Warning Signs of Colon Cancer
Colorectal cancer is the third-leading cause of cancer deaths in American women and is the second-most fatal cancer in American men.
Common Colon Cancer Symptoms
Unfortunately, colorectal cancer doesn’t often have early warning signs. When and if symptoms do appear, they may vary based on the location and size of the tumor. That said, the most common colon cancer symptoms include:
- Blood in the stool
- Weakness and fatigue
- Unintended weight loss
- Bleeding from the rectum
- Persistent cramps, gas or abdominal pain
- Change in bowel habits that lasts more than a few days
If you do experience any of these symptoms, talk with your doctor.
Because early signs of colon cancer aren’t always evident, screening tests for colorectal cancer are important. Typically, doctors begin screening patients for colon cancer at age 45. For patients who have other risk factors, such as family history of colorectal cancer, screenings may begin earlier in life.
Tests For Colon Cancer
If you’re experiencing any signs of colorectal cancer, as mentioned above, or if you have any risk factors (including obesity, physical inactivity, a high-fat/low-fiber diet, advanced age, inflammatory bowel disease, diabetes or family history), your doctor may recommend you get screened for colon cancer. Multiple types of tests for colorectal cancer exist; these are some of the most common.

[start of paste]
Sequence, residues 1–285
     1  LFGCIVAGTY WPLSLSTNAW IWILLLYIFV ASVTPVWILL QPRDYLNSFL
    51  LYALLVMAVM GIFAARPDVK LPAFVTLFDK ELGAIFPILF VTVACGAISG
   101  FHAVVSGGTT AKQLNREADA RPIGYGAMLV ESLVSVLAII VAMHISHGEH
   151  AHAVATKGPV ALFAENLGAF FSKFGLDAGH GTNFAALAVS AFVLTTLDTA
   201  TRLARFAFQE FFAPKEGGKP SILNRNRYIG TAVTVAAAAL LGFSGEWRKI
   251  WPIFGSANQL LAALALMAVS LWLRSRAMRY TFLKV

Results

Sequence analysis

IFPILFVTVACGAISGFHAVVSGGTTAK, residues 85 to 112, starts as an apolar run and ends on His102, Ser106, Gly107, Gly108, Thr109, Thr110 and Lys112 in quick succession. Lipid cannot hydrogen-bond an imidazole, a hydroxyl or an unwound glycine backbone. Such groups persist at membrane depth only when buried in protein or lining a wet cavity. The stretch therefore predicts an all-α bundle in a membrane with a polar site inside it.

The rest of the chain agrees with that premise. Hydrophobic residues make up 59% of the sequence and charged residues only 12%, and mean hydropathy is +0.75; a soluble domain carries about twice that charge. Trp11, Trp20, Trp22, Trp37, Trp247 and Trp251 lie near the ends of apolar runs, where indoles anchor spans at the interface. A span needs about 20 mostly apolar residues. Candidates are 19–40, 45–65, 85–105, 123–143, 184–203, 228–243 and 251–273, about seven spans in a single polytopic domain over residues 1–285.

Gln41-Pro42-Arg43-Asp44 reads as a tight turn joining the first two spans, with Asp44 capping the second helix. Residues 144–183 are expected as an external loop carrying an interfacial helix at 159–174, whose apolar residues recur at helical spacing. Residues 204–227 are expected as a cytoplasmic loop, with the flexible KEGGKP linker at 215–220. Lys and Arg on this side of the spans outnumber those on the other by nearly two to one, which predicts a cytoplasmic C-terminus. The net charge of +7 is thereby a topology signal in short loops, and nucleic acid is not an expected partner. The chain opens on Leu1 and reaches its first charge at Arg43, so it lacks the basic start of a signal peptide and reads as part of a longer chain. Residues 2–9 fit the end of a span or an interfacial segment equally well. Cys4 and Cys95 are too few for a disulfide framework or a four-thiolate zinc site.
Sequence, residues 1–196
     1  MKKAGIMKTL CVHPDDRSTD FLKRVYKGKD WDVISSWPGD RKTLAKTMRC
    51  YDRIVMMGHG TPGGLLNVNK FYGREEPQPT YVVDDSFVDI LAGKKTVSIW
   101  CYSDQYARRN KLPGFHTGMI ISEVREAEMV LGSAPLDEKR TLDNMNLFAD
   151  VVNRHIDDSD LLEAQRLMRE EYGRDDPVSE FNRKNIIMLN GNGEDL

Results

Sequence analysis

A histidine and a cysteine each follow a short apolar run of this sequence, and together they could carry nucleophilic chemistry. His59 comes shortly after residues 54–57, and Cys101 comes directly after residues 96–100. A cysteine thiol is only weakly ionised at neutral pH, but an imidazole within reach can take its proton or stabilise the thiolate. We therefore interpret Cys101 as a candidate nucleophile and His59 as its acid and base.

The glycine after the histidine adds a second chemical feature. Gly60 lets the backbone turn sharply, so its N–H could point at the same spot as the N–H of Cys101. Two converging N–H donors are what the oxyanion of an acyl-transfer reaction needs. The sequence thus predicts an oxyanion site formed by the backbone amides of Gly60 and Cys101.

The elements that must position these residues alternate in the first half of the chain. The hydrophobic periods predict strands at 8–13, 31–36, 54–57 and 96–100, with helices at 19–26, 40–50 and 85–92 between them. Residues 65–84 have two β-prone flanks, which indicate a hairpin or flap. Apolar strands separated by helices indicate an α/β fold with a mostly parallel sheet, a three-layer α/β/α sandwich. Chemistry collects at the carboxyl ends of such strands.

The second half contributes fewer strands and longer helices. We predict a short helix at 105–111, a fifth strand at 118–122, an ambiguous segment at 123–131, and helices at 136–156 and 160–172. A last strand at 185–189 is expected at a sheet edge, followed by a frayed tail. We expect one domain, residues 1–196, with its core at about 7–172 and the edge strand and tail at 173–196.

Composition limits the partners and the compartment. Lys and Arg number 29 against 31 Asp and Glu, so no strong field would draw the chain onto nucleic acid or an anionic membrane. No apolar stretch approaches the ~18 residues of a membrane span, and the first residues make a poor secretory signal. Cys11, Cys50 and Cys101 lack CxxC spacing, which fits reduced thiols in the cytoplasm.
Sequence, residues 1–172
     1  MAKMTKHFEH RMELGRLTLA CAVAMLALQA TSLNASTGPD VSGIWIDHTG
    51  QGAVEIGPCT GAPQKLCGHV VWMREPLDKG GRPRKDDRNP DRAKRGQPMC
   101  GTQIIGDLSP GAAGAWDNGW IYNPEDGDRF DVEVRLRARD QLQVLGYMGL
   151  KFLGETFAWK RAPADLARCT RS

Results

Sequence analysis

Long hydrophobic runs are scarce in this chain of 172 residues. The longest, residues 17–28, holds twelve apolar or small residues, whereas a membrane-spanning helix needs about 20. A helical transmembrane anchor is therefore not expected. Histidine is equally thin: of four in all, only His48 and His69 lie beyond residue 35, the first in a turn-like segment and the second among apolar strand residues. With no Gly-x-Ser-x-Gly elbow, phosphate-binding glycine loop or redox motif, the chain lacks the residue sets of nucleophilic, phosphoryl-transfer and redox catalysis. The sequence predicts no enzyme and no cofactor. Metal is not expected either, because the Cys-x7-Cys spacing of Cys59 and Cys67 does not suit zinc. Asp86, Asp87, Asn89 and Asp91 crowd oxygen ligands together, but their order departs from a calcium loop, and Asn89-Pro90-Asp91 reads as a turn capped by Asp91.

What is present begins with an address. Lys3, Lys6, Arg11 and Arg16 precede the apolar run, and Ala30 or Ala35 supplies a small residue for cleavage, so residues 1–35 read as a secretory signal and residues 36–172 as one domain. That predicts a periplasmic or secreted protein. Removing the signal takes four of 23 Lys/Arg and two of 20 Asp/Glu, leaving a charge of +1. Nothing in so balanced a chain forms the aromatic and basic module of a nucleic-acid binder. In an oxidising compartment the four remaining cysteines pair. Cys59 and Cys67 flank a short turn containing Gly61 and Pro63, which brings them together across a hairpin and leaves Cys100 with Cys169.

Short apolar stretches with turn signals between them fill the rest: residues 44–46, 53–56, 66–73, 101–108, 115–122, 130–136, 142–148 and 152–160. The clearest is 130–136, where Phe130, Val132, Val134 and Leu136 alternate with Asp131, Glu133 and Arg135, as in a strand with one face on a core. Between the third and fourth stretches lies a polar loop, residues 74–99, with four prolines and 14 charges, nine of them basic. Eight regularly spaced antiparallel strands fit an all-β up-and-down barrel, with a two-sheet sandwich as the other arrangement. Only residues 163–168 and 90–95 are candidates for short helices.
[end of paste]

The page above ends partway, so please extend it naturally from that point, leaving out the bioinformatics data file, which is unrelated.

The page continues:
During a physical exam, your doctor will feel for masses or enlarged organs by pressing on your abdomen. He or she may perform a rectal exam to feel for abnormalities inside the anus. Your stool may also be tested for traces of blood that aren’t visible.
Certain blood tests can help ascertain whether or not a patient has colon cancer. Blood tests may also be used during the course of treatment to determine how effective a given treatment is or has been.
A colonoscopy allows your doctor to inspect the entire length of the colon and rectum, using a thin, flexible, lighted tube fitted with a small video camera.
Should the doctor find anything suspicious during a colonoscopy, special instruments can be fed through the camera probe to remove the abnormal tissue and test it for colon cancer.
Your doctor may use any number of imaging tests to look for colorectal cancer, including CT scan, ultrasound, MRI scan, X-ray, PET scan or angiography.
The only way to know for certain if you have colon cancer is to see a doctor. Don’t put off your cancer screening — the earlier you catch colon cancer, the better your prognosis is likely to be. The risk of colorectal cancer increases dramatically with age. Take our colorectal cancer risk assessment to estimate your personal risk of developing colon and rectal cancer.